ISSN (Print) - 0012-9976 | ISSN (Online) - 2349-8846

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Credit Support to Priority Sectors-A Macro Perspective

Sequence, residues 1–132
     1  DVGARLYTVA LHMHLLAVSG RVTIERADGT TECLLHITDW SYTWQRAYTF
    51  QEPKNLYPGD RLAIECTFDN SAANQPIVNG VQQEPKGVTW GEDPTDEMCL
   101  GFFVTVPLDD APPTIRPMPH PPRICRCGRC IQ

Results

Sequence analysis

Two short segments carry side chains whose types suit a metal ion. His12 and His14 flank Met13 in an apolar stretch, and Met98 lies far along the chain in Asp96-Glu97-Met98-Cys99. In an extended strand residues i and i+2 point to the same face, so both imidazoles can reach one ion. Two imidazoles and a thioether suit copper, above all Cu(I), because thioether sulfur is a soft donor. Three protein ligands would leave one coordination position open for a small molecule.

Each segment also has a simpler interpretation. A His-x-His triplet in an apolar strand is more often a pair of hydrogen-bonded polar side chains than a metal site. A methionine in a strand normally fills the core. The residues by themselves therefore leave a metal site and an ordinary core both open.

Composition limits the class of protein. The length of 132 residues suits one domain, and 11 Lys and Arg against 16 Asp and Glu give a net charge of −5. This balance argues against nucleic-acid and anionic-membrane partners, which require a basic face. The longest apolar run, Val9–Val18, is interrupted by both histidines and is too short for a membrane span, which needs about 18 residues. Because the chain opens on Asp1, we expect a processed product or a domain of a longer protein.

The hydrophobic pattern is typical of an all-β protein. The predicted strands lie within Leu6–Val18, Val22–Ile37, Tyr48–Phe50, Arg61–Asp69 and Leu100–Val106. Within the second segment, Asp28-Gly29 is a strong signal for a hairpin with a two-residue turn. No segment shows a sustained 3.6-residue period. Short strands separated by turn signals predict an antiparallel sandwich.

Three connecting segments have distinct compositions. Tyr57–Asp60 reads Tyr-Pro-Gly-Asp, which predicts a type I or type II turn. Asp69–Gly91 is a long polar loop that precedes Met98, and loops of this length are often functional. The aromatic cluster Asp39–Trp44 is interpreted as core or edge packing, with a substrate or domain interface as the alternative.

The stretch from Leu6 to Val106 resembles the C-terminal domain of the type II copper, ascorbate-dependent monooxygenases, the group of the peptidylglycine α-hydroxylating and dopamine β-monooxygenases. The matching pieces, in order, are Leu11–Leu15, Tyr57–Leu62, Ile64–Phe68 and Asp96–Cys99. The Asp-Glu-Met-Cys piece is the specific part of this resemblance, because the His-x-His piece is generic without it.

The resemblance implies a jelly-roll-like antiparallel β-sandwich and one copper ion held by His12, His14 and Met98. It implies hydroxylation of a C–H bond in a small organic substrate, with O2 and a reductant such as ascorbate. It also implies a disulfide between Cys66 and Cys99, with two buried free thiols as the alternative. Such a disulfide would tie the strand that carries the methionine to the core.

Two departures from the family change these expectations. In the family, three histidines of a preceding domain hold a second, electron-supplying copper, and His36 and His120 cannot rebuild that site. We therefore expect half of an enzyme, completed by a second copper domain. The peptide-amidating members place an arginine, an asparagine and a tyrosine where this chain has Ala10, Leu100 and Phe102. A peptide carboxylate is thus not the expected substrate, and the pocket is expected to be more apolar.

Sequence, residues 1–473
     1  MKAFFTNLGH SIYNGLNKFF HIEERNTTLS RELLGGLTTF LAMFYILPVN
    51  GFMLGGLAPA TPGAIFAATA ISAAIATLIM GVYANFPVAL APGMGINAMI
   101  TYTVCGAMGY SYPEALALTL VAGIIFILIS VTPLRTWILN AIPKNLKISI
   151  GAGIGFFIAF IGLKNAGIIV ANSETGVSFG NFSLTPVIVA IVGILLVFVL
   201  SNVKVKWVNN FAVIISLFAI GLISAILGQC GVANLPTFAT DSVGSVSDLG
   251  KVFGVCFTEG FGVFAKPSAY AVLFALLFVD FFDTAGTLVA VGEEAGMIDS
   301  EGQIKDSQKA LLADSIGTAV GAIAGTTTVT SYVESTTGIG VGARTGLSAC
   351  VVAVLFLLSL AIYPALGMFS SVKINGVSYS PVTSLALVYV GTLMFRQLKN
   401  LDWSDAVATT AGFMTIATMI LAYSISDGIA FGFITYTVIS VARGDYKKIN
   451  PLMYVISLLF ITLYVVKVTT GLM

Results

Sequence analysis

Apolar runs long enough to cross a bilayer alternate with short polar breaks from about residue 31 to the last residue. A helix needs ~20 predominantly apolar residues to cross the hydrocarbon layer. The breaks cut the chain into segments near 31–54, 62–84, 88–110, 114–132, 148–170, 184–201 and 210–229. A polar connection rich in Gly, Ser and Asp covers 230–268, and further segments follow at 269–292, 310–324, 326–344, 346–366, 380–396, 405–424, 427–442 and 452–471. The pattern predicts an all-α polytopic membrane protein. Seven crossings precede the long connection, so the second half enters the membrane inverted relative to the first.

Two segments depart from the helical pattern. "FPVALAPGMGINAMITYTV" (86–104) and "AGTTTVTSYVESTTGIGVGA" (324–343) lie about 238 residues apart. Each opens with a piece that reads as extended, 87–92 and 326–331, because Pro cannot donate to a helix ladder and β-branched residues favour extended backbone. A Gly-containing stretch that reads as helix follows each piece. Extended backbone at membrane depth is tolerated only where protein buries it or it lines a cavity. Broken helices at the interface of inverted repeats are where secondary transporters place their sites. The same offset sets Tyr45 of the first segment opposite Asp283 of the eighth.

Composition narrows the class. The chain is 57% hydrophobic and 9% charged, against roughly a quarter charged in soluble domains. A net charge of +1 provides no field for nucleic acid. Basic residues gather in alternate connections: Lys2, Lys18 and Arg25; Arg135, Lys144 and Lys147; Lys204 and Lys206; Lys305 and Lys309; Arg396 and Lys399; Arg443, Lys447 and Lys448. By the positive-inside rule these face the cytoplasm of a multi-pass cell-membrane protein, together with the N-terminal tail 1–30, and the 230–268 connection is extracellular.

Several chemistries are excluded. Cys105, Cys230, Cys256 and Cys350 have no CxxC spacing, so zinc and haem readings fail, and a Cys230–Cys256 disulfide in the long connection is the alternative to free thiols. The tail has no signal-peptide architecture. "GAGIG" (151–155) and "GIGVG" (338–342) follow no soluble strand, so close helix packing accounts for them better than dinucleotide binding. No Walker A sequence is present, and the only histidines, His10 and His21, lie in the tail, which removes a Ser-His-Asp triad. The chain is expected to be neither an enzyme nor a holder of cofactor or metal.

Credit Support to Priority Sectors A Macro Perspective N A Mujumdar THERE are at least three reasons why at this point of time, a fresh look at the issues pertaining to the flow of credit to priority sectors is warranted. First, the period 1991-96, constituting the first phase of financial sector reforms was a period of 'policy vacuum' so far as priority sectors are concerned. Commercial banks defaulted merrily on the priority sector credit target of 40 per cent of net bank credit, as also on the subtarget of 18 per cent credit to agriculture. The size of credit flowing to the small-scale industries sector also shrank. The Reserve Bank of India (RBI) winked at the default and maintained a studied silence on the default till July 1996, when the UF government announced, in its first budget, a number of initiatives to accelerate the flow of rural credit. At long last, public sector banks managed to achieve the credit target only in 1996-97, While credit to priority sectors at 41.7 per cent of net bank credit exceeded the target, the subtarget continued to remain unfulfilled. Credit to agriculture was at 16.4 per cent, What is more, the reform package has affected adversely the apriority sectors in another area, namely, interest rates: with the freeing of banks' lending and deposits rates, the new interest rate structure that has emerged, has become highly regressive and is biased against priority sectors. Secondly, the Approach Paper to the Ninth Plan (1997-2002) does accord high priority to agriculture and rural development activities in general, in the strategy for future growth. It is therefore only appropriate that, monetary and credit policies would need to be modified in such a manner that they are in broad alignment with the priorities of the Ninth Plan, Looked at from this angle, credit policy has yet to react to the Ninth Plan priorities. The question that therefore needs to be considered is: what are the ingredients that need to be added to the credit policy mix? Thirdly, winds of change appear to be blowing in the RBI in the post-November 1997 phase. The RBI appears to have recovered from its amnesia of rural credit; the setting up in December 1997 of two high-level one-man committees to look into the problems impeding the flow of credit to agricultural and small-scale industries sectors, respectively, is a concrete demonstration of this change. The resurrection of the RBI's involvement in rural credit thus marks the end of the 'policy vacuum' phase.

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